NewsProject: Drive Safer


Bay View residents offer reckless driving solutions after 3 pedestrians hit in Humboldt Park

One suggestion is to close through traffic for the park's main road. Others ask for more signage and speed bumps within the park.
Humboldt Park community meeting.png
Posted at 9:52 PM, Nov 03, 2022

BAY VIEW, Wis. — Some Bay View neighbors are calling for Humboldt Park to be cut off from traffic after at least three people were struck by reckless drivers this week.

It was just one of the solutions discussed Thursday night during a public meeting on making the park safer for pedestrians.

A few of the measures suggested include adding illuminated stop signs, clearer crosswalks, and adding speed tables.

Danny and Coral Ehnert walk the park with their daughter often. They say adding more measures to keep drivers in line will only help safety in the area.

Humboldt Park
Humboldt Park

“Usually it’s very safe, people are respecting the laws and everything else, but there are times that speeds get a little fast and too much and I think there are measures that could be taken,” said Danny Ehnert.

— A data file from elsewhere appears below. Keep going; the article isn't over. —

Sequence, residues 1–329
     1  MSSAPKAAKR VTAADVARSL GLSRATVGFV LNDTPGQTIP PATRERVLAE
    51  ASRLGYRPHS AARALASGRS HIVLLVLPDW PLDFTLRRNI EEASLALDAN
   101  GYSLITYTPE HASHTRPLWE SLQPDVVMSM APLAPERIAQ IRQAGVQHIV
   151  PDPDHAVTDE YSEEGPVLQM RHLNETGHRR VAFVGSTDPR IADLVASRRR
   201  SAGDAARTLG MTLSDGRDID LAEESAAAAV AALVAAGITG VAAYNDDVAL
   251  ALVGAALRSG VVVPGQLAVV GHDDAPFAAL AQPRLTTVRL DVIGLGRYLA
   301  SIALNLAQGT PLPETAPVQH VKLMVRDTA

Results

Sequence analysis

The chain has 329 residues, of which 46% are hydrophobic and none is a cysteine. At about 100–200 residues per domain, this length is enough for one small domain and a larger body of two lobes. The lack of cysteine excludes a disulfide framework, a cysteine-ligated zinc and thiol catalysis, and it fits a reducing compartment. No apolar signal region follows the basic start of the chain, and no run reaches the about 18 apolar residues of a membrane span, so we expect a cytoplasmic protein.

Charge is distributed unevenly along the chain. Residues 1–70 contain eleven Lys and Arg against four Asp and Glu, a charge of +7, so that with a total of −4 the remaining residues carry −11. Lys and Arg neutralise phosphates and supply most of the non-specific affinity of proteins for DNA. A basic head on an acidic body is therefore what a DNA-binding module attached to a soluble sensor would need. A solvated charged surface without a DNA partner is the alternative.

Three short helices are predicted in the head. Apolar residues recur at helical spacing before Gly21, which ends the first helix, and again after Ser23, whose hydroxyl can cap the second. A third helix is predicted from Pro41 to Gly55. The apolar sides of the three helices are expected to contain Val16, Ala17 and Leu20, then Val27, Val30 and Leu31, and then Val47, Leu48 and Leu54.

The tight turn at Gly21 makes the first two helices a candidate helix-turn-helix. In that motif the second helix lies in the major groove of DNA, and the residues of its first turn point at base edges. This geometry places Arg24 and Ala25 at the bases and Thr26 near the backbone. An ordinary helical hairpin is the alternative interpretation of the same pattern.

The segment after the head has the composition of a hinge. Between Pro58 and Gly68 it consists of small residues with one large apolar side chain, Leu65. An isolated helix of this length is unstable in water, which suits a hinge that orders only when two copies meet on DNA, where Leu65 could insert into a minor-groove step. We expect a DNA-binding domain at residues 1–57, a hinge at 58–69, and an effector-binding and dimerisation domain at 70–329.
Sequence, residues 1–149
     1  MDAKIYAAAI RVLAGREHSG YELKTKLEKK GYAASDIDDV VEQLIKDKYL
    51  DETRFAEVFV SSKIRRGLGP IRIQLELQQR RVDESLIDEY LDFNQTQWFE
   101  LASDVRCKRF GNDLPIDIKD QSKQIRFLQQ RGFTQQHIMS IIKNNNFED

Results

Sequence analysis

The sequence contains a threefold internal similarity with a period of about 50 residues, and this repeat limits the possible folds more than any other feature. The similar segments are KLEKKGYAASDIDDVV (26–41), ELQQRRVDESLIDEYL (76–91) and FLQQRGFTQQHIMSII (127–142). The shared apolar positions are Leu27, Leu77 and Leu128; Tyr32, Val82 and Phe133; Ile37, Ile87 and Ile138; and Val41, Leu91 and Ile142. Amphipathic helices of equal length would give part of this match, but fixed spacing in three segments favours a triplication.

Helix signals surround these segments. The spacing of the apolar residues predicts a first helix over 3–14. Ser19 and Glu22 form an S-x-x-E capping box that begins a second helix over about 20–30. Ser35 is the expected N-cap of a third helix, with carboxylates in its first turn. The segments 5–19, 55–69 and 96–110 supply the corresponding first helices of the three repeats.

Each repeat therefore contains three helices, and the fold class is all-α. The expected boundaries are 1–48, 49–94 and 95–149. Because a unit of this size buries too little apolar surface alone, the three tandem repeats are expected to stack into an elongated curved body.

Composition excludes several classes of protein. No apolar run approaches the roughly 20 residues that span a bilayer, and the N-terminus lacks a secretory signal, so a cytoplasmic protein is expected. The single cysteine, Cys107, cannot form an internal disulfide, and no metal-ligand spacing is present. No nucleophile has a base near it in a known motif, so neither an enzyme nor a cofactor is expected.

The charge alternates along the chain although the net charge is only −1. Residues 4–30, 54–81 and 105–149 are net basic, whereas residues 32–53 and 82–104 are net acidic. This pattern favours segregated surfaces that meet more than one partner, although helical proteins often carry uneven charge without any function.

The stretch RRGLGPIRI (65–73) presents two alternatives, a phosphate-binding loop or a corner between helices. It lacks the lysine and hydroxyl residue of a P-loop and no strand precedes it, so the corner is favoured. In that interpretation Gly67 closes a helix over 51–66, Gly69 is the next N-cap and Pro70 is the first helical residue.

Some park neighbors say additions like added speed bumps and stop signs won’t be enough and are calling for Park Road to be closed off entirely to cars and through traffic.

“Just cut the through traffic like how we had during COVID,” said one member at the meeting. “Everybody survived without it.”

Others say closing the road will affect accessibility for people who aren’t able to walk to the park, emphasizing it’s an important road to keep open.

On Thursday, Alderwoman Marina Dimitrijevic announced that state funding was approved to bring a raised crosswalk to Howell Avenue within the next year to calm traffic near schools by the park.

These engineering solutions are a step in the right direction, but only represent one piece of the puzzle within the City’s jurisdiction,” Dimitrijevic said in a release. “ I also support Supervisor Clancy’s efforts to pedestrianize streets within Humboldt Park. As the author of Milwaukee’s Active Streets program in the city, I fully understand that the time is now to reimagine public spaces so they benefit all users and are not dominated by cars.”

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